February 9, 1998
Volume 50, No. 20
ITD's 'customer-focused' reorganization nearly complete
In an effort to provide better service and communication with its customers, the Information Technology Division is putting the final touches on a year-and-a-half-long reorganization effort.
ITD has restructured itself into three service groups: teaching and research services, which supports the schools, faculty and academic departments; learning technologies, which supports students; and administrative services, which helps administrators and staff. Each has its own core of personnel and is further backed up by specialized support teams to provide a full range of services.
The idea is to build customer-focused expertise in each of these areas and provide more knowledgeable service. There is a fourth group, the customer support center, which comprises the help desk, offering telephone support for software distribution and documentation, and training courses.
"The customer no longer has to figure out, 'Who do I have to talk to in ITD?'" said Paul Morris, interim vice provost for Information Technology. "They go to their customer manager, who can work with them. The managers can then, as they need to, reach back into the rest of the organization to bring in other experts who are needed to solve a particular problem." The reorganization is a move that had its impetus in ITD's realization a couple years ago that "customer satisfaction was not where it needed to be," Morris said. The division hired consultants who worked with ITD staff to develop the customer-oriented structure as a possible solution. Teams began forming last July, and by Christmas they were essentially in place. What remains now, Morris said, is fine-tuning.
"You design an organization on paper, and then when you start to actually use it in real life, you discover that various things need to get moved around," he said. For example, initially the Office of Research was considered an academic function and the Office of Sponsored Programs an administrative one, but the customer teams found their functions overlap considerably, and now the offices are serviced by both the teaching and research and administrative services groups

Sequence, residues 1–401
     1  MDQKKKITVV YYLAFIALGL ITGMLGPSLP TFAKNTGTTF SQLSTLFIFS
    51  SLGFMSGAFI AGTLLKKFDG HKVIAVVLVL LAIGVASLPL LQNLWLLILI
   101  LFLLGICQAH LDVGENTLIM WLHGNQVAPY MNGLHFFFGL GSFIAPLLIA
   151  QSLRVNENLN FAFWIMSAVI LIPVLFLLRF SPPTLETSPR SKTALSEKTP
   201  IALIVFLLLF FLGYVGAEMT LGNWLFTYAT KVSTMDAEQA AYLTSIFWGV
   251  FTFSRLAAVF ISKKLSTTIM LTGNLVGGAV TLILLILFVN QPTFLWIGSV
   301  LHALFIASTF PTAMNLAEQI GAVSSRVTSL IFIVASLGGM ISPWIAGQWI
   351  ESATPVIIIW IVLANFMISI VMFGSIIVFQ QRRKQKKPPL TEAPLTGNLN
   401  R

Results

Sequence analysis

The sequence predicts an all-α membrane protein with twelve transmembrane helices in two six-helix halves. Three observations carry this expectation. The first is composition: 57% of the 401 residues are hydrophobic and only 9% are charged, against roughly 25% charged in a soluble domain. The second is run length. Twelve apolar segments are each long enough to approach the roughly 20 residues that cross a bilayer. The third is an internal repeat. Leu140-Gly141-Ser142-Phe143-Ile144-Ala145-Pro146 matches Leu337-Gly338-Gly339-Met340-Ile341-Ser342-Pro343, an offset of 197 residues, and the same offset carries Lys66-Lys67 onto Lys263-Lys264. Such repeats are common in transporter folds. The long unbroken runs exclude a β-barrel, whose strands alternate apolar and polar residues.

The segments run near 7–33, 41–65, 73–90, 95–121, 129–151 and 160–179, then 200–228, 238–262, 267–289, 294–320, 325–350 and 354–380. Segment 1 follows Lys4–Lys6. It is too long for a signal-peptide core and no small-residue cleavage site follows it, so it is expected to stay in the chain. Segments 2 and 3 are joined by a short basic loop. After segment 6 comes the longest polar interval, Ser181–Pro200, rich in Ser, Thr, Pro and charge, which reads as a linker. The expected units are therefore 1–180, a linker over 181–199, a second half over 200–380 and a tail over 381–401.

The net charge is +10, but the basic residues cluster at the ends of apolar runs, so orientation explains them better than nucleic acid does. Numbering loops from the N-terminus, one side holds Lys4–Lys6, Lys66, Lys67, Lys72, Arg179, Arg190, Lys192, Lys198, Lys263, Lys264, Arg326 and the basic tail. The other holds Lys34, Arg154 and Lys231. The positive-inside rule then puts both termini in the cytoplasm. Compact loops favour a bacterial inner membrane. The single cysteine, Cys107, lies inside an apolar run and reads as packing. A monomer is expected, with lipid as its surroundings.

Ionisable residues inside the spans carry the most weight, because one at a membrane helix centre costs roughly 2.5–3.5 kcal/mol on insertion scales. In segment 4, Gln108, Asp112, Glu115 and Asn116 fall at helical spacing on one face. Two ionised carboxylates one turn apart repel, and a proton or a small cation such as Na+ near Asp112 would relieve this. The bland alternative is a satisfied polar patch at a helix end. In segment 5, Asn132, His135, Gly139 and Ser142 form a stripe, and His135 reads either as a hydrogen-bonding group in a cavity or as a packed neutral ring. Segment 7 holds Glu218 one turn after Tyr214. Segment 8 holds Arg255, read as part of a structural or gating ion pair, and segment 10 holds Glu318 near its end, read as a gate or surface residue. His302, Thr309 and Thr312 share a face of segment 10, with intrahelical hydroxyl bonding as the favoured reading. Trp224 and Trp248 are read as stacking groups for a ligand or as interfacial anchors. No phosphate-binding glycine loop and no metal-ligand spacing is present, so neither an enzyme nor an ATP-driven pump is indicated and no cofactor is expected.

"The one thing this reorganization really seeks to accomplish is to know the needs of the customer," said Alan Cattier, interim manager of the teaching and research group. "Before, it would've been more generalized: 'Here's a technical issue, how does this apply to universities?' Now we're asking that same question, but we're asking it in relation to a critical core group of customers."
Susan Mistretta is interim manager of learning technologies, and Scott Swann and Jean McGraw manage the administrative services and customer support center teams, respectively. The reorganization did not increase ITD's staff of 240 people and, beyond consultants' fees, cost little.
Morris said customers have responded favorably to the idea of the reorganization but are waiting to see if it actually results in better service. "We paid a lot of attention initially to the customer service center, and I've had a good deal of feedback saying its service is improving," he said. "We've also proposed performance measures to our customers, the idea being that if we can measure it, we can see where we're doing well and where we need to improve."
Morris added the reorganization reflects a trend in which technology support departments in universities, corporations and other organizations are changing. "There's been a shift of the center of gravity from the center out, a general recognition that we're moving to where central information technology organizations are as much enablers of what goes on as they are producers.
"This is where we are right now," Morris said. "Ten years from now the technology will change, the needs will change, and what will be the appropriate organization then? We don't know, but we'll clearly need to continue to evolve."
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